27.06.2018 Simon Weber


Learning place cells, grid cells and invariances with excitatory and inhibitory plasticity.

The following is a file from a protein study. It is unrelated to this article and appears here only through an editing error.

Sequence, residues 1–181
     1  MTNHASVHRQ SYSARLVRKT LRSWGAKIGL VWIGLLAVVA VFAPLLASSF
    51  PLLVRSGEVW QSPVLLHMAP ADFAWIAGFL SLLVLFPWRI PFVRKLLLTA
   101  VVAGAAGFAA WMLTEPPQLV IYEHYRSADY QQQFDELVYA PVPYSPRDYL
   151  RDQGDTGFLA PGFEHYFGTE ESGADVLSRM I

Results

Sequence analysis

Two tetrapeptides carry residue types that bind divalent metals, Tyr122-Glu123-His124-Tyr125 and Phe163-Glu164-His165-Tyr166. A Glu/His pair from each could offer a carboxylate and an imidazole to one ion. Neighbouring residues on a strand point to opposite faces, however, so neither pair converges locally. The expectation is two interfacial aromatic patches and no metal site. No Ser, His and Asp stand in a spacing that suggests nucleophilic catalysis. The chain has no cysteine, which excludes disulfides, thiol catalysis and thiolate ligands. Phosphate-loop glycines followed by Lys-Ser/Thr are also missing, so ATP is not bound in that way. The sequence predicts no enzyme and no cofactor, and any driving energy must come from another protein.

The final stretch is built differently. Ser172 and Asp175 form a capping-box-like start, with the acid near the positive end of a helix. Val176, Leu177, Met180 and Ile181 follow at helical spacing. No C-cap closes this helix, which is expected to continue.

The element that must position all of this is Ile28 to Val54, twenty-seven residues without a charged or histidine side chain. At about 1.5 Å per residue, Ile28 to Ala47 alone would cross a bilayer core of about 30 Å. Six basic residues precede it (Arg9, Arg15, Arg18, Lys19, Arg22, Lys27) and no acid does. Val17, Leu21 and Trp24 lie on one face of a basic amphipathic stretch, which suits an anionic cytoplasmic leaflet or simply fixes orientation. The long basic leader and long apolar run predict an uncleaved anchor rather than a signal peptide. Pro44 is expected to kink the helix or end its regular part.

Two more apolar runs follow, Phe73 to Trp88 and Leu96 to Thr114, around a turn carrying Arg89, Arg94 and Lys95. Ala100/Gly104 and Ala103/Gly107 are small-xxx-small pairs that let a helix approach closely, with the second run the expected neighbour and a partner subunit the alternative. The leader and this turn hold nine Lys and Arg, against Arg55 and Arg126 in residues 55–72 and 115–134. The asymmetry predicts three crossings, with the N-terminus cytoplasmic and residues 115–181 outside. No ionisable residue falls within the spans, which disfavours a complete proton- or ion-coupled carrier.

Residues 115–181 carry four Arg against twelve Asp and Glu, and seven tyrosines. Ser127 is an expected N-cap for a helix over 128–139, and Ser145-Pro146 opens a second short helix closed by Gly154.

Neurons in the hippocampus and adjacent brain areas show a large diversity in their tuning to location and head direction. The underlying circuit mechanisms are not resolved. In particular, it is unclear why certain cell types are selective to one spatial variable, but invariant to another. For example, place cells are typically invariant to head direction. We propose that all observed spatial tuning patterns -- in both their selectivity and their invariance -- arise from the same mechanism: Excitatory and inhibitory synaptic plasticity that is driven by the spatial tuning statistics of synaptic inputs. Using simulations and a mathematical analysis, we show that combined excitatory and inhibitory plasticity can lead to localized, grid-like or invariant activity. Combinations of different input statistics along different spatial dimensions reproduce all major spatial tuning patterns observed in rodents. The model is robust to changes in parameters, develops patterns on behavioral timescales and makes distinctive experimental predictions.